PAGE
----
Friday 22 May 2020

Recalibrate - Heather Dyer

It’s just after dawn and I’m sitting in my easy chair in front of the patio doors. My dog is on my lap, and I’m cradling a cup of coffee. Outside, the sparrows are going about their business.  At this time of day, living out here, it's easy to believe that nothing has changed.
But of course, everything has changed. Offices are empty. Hospitals are chaotic. Flights have been grounded, and the pandas in Hong Kong are mating. And the projects I was so invested in two weeks ago feel irrelevant. But I still feel an urgency to write, to produce, to make something out of all of this….
Then, scrolling through my emails, I discover an article called, ‘Why You Should Ignore All That Coronavirus-Inspired Productivity Pressure’.
Professor Aisha Ahmad has lived through several crises, and her reflections are wise, calm and kind. First, she says, establish your physical security and get your team in place. Then, she says, we must, ‘abandon the performative and embrace the authentic.’ She says we must focus on real internal change.
Yes! This is the creative process. We mustn’t try to keep treading along the previous tracks. We must stop and recognize new directions, new patterns. The world has shifted, so our thinking needs to shift.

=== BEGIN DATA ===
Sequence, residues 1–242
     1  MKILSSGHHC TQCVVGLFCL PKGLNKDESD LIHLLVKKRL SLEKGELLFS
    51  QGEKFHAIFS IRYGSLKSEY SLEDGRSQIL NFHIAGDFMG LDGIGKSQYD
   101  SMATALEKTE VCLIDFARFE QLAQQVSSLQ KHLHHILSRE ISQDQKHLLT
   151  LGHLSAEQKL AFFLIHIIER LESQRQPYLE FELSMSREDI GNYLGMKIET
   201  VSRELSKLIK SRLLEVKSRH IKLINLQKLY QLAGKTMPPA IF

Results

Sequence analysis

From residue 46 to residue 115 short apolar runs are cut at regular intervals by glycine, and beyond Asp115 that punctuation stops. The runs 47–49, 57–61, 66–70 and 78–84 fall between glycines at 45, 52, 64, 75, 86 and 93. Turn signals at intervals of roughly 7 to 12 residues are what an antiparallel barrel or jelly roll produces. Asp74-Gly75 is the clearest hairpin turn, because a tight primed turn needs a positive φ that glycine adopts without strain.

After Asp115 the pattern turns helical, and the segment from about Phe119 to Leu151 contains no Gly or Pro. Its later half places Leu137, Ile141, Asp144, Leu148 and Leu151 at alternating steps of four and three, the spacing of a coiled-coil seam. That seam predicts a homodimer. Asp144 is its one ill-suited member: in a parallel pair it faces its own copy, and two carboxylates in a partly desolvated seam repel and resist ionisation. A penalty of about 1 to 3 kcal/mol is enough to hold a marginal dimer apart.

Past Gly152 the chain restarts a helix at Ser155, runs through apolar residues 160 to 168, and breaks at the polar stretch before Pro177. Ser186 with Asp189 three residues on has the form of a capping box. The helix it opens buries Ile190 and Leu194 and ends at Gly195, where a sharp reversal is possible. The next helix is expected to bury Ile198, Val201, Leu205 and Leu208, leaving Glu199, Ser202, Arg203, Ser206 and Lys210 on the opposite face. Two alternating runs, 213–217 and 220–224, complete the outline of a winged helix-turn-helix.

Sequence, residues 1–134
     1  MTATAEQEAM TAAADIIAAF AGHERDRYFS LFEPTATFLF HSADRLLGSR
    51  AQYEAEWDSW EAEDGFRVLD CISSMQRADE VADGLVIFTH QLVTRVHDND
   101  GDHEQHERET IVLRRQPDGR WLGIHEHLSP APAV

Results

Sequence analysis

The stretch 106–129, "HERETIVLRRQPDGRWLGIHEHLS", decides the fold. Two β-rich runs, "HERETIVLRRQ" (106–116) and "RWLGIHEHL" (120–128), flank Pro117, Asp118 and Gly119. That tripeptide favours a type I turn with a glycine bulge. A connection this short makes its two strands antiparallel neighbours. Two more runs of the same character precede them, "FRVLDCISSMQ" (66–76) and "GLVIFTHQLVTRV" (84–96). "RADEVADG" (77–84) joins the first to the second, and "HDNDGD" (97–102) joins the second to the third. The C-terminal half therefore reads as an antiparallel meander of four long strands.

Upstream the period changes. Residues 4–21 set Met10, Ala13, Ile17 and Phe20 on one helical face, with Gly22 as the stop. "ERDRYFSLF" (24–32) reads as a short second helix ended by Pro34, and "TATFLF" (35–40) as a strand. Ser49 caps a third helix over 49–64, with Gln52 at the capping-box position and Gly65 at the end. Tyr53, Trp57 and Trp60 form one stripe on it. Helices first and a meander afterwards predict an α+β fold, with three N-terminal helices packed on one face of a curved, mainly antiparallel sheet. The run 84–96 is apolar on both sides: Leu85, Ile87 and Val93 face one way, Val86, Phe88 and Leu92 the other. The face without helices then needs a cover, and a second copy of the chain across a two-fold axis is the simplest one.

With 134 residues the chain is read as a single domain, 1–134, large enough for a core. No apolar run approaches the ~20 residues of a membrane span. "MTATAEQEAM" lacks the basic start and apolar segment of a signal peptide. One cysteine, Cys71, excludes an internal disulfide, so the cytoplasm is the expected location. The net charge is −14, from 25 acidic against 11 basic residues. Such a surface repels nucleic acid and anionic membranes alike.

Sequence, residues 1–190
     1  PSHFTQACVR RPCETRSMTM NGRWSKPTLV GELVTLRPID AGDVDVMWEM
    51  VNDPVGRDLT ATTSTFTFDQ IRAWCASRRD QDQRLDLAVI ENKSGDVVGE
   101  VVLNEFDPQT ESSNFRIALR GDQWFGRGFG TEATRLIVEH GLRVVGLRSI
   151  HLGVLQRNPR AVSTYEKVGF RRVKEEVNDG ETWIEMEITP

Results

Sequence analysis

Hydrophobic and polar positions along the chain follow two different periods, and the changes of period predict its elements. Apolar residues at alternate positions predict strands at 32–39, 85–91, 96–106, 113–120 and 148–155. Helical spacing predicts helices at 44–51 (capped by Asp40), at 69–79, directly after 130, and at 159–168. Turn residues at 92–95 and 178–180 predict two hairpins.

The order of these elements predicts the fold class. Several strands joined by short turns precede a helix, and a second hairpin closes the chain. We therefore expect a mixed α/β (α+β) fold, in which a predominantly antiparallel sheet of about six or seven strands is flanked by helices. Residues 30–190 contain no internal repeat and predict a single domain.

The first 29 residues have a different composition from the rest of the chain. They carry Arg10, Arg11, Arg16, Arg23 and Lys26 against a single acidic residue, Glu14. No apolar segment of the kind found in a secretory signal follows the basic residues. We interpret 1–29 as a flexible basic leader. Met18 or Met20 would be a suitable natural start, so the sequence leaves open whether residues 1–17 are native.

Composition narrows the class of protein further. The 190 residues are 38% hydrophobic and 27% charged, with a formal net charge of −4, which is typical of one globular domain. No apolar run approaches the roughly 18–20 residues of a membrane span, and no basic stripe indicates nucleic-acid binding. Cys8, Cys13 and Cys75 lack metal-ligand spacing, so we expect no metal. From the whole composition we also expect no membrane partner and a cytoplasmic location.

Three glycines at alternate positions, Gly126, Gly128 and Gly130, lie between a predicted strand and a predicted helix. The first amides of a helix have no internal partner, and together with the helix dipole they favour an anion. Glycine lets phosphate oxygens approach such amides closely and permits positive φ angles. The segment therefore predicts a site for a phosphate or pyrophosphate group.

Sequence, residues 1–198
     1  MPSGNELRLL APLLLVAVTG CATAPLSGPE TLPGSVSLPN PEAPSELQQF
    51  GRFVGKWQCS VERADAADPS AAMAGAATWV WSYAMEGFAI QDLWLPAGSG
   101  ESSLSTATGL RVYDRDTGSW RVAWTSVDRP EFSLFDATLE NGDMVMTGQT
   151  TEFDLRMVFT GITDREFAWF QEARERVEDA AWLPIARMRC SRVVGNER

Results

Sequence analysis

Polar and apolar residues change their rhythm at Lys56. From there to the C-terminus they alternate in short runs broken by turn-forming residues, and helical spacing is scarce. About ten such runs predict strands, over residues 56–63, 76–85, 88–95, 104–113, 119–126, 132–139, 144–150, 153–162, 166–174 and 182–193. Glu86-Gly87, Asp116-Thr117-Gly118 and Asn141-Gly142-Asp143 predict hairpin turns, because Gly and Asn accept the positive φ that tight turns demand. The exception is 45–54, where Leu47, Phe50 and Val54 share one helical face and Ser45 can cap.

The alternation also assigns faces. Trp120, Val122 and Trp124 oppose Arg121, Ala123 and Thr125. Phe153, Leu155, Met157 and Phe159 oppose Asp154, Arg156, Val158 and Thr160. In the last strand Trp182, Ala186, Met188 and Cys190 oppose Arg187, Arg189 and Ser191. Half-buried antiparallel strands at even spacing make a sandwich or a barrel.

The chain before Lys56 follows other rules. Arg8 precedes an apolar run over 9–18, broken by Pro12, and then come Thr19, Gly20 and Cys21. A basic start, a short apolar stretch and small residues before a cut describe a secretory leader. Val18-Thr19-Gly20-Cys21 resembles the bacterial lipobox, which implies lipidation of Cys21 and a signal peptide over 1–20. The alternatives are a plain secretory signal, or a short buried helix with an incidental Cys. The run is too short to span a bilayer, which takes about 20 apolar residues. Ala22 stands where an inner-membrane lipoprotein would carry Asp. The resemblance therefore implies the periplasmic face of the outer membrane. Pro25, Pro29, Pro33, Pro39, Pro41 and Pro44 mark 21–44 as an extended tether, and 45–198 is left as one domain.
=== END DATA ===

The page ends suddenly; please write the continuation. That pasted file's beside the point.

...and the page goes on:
On the other side of this shift, says Ahmad, ‘your wonderful, creative, resilient brain will be waiting for you. […] New ideas will emerge that would not have come to mind had you stayed in denial. Continue to embrace your mental shift. Have faith in the process. Support your team.’
Aisha Ahmad has written another article on Productivity and Happiness Under Sustained Disaster Conditionswhich follows on from the first.

Heather also blogs at  

Heather Dyer is a consultant in writing for children. She provides writing and publishing advice through The Literary ConsultancyThe Writers' Advice Centre for Children's Books, and privately. If you’re ready for feedback on your work-in-progress contact Heather at

Heather’s children’s novel The Girl with the Broken Wing was one of Richard and Judy’s book club picks, and The Boy in the Biscuit Tin was nominated for a Galaxy Best British Children’s Book award. Heather also teaches creative writing for the University of the Creative Arts, and facilitates workshops in creative thinking techniques for creatives and academics.


stephan braun said...


Penny Dolan said...

Comforting thoughts during a stressful time.